* Any views expressed in this opinion piece are those of the author and not of Thomson Reuters Foundation.As a gay woman and bisexual ally, it’s clear to me that bi erasure and biphobia are still prevalent in our society
Megan Evans is communications and PR officer for Bi Pride UK
Monday September 23: a mundane start to the week for some, but it’s a date that everyone should be aware of – Bi Visibility Day.
As a gay woman and bisexual ally, it’s clear to me that bi erasure and biphobia are still prevalent in our society. For several years, I identified as bisexual and I met several girls on dating apps who told me that I was either “trying out” being gay, or in denial about being a lesbian.
Even though my identity did change, these girls could not accept bisexuality as a complete identity. I believe that sexuality is fluid and we all have the right to change our sexual identity; it doesn’t invalidate who we were in the past.
But what had influenced these girls to think in this way?
It seems that media representations only add fuel to the biphobic fire. And with research concluding that bisexual people are more likely to experience mental health problems and a recent study reporting almost 78% of bisexuals had considered suicide, Bi Visibility Day is a great opportunity to reflect on current representations and how we can challenge these.
Currently, representations of bi relationships in the media landscape fall short and individuals are treated differently in their same-gender relationships, compared with how they’re treated in their mixed gender relationships.
Miley Cyrus’s new rumoured relationship with Kaitlyn Carter has been reported with barely concealed excitement. If she had been pictured with a man, reporters would have condemned her for moving on so quickly after she had left her husband Liam Hemsworth. Dismissing the seriousness of bisexuals’ same-gender relationships, is called” “benevolent biphobia’ and something many publications accidentally do far too often.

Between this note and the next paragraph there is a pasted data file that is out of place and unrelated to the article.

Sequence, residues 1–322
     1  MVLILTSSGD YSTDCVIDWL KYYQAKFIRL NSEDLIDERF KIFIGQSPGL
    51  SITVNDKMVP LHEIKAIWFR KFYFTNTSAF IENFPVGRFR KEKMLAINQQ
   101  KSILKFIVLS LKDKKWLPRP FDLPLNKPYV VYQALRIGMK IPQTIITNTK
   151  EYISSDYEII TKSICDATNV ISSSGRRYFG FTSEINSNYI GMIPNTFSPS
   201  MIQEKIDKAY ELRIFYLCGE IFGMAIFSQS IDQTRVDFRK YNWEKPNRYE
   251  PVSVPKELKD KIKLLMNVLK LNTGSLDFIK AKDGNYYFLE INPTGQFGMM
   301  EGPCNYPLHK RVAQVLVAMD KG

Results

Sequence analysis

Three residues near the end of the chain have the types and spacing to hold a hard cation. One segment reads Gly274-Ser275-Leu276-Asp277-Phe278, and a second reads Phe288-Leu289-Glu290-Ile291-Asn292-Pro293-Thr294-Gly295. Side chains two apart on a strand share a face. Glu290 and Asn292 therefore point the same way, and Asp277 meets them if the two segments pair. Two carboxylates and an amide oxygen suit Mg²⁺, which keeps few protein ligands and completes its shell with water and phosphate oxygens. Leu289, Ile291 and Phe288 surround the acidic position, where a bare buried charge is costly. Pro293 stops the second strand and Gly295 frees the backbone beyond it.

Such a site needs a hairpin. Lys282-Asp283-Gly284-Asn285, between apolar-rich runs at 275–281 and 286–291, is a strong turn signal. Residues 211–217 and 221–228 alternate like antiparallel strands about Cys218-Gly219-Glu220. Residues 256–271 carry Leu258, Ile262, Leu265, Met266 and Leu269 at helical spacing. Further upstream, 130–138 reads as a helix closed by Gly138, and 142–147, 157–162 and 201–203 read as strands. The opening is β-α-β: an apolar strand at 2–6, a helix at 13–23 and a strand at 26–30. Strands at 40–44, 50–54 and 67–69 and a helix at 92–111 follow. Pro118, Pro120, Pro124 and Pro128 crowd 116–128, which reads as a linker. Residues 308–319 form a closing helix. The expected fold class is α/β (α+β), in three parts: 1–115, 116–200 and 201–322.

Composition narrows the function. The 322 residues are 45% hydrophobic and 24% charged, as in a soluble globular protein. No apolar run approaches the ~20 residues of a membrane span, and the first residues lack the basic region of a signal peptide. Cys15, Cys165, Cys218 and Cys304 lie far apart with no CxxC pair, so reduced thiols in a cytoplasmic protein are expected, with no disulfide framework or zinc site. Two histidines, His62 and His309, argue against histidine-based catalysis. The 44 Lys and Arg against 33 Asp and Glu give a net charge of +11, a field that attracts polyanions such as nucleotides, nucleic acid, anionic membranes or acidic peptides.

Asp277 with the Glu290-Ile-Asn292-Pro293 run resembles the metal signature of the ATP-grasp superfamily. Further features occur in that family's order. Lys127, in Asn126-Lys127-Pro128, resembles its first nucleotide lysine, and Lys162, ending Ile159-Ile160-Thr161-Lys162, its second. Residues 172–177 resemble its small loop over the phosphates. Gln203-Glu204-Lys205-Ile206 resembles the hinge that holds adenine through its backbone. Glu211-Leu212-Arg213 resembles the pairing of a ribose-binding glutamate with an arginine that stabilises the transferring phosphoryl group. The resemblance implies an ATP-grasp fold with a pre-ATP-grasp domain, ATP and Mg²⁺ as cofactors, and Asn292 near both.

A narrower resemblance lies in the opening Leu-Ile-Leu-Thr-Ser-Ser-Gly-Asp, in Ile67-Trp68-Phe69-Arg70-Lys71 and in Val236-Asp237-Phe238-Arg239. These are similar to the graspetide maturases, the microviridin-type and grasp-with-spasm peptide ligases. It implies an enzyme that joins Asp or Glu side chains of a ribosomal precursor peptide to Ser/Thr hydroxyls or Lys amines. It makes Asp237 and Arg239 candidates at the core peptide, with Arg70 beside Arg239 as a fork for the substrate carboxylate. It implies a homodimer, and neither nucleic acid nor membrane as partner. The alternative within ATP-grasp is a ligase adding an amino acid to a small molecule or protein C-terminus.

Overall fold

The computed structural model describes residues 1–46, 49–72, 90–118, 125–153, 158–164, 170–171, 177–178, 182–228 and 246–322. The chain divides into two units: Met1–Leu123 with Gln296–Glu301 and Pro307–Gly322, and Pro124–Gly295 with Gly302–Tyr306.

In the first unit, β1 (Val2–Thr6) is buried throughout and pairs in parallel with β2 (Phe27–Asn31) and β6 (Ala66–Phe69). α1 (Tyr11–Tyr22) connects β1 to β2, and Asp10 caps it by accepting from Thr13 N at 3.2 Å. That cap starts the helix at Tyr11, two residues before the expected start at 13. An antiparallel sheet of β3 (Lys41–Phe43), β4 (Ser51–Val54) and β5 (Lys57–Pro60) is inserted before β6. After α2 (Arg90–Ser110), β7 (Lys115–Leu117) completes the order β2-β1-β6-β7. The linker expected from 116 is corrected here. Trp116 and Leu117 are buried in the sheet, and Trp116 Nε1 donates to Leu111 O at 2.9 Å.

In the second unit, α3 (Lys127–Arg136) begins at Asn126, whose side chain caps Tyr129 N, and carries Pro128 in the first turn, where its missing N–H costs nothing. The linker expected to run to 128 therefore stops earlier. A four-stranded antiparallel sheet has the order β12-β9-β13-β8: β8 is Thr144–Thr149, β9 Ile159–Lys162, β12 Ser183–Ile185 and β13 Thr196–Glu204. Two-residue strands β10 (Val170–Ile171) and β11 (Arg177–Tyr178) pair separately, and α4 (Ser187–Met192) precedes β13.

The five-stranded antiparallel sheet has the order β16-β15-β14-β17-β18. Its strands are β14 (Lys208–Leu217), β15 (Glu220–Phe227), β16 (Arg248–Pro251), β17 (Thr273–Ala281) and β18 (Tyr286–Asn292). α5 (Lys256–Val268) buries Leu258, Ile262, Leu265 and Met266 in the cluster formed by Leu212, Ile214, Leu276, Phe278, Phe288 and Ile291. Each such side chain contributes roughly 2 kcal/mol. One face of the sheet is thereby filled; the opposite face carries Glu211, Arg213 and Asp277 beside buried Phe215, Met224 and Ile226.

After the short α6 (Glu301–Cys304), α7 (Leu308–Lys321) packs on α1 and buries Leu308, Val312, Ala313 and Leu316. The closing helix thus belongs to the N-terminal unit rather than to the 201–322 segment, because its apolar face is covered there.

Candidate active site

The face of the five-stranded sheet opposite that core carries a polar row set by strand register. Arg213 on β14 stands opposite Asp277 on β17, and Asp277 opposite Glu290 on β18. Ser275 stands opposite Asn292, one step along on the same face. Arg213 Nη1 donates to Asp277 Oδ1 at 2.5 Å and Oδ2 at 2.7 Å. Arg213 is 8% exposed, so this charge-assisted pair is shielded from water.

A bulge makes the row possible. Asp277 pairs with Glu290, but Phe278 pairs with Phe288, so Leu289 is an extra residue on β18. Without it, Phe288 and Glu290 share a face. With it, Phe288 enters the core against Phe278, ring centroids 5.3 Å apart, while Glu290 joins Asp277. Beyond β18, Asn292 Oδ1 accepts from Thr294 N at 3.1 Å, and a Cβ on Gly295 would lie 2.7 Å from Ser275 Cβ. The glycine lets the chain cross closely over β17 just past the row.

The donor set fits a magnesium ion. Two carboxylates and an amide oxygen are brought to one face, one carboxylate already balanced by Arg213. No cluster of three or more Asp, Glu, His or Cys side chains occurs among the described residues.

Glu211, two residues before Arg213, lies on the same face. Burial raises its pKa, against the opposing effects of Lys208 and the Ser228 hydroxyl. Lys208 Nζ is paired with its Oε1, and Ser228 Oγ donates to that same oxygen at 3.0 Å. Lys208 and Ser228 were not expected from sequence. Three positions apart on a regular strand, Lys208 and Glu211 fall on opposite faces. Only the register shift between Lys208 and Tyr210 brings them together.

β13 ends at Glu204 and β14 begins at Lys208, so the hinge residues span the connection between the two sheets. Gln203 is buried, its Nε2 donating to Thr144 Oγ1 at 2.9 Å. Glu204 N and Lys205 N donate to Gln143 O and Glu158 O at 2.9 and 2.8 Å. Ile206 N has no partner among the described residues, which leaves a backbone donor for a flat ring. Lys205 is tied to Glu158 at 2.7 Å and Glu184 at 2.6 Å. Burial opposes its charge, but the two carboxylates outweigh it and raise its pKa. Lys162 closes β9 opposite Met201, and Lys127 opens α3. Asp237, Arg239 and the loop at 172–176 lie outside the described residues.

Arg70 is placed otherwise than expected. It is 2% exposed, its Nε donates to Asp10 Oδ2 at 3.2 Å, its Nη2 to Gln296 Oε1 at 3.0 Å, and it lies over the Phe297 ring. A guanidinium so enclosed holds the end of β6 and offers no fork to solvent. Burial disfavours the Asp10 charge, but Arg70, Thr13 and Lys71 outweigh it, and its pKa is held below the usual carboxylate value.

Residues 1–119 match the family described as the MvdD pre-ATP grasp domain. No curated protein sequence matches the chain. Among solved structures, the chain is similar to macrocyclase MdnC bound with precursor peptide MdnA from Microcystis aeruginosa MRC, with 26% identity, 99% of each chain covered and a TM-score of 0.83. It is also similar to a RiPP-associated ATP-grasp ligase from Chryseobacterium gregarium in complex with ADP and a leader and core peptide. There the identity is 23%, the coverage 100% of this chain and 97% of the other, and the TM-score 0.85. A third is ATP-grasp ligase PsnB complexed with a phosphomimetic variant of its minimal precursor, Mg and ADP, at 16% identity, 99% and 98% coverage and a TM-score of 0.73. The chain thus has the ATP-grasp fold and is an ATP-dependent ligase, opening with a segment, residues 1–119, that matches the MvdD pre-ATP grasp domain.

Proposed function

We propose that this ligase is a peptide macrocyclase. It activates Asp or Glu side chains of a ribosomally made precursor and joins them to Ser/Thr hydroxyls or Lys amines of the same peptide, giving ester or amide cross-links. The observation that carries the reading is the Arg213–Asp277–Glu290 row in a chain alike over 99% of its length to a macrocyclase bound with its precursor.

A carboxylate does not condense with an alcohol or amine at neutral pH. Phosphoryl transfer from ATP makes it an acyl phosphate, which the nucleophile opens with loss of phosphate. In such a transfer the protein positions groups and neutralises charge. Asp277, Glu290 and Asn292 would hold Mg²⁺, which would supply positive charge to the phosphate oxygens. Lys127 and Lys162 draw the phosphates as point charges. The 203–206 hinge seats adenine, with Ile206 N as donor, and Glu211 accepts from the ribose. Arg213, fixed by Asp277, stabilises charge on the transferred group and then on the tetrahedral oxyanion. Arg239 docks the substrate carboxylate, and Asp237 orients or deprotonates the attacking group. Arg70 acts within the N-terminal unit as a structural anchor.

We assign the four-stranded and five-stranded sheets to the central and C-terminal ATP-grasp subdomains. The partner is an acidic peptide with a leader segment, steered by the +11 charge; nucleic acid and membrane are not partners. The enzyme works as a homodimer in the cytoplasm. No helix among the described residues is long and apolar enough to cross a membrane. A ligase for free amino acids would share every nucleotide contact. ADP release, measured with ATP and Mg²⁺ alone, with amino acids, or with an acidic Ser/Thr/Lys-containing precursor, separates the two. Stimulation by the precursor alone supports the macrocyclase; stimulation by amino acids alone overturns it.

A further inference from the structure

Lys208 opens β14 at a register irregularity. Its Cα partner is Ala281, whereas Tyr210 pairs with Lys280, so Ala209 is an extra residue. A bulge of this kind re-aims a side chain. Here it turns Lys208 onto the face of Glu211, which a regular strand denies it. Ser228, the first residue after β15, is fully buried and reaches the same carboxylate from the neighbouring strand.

This has a knock-on effect and various bi individuals in the public eye, fail to talk about their sexuality in a progressive way. Rita Ora’s intentionally harmless but equally damaging song “Girls” caused many bisexual females and lesbians to feel like their sexuality was being downgraded.
Lyrics such as “red wine I just want to kiss girls” simply fuels the male gaze and invalidates entire communities.
As representations in mainstream media, often unintentionally, give light to biphobia and bi erasure, we must find ways to challenge this. Last month, NFL free agent Ryan Russell told ESPN he was “a talented football player, a damn good writer… and a bisexual man”.
Encouraging well-respected and gifted individuals to come out as bisexual, and accepting them for who they are, gives others the courage to talk openly and honestly about bisexuality.
Another way we can validate the bi identity is through educating individuals on bisexual issues throughout their childhood. Research commissioned by Stonewall, found that more than two-thirds of 16-24 year olds support LGBT-inclusive teaching. If we educate children on all LGBT+ issues, including bi identities, we can help to alleviate some of the anxiety and stress that many individuals go through when they realise they’re attracted to more than one gender.
Charities supporting bisexual and other gay, lesbian or transgender identities work hard throughout the year to promote bi visibility. A few weeks ago, Bi Pride UK held the largest bi gathering in history at the beginning of the month and our year-round work also aims to provide all bisexual people with a safe space in which to be themselves. As a registered charity, we believe it’s important to educate, inform and make lasting change for those who experience attraction beyond gender.
It’s fair to say that within our public spaces, individuals and charities fight to talk about bi identity in a positive and relevant way. However, I hope that by Bi Visibility Day in 2020, we see less benevolent biphobia and an increase in bi visibility and positive representations.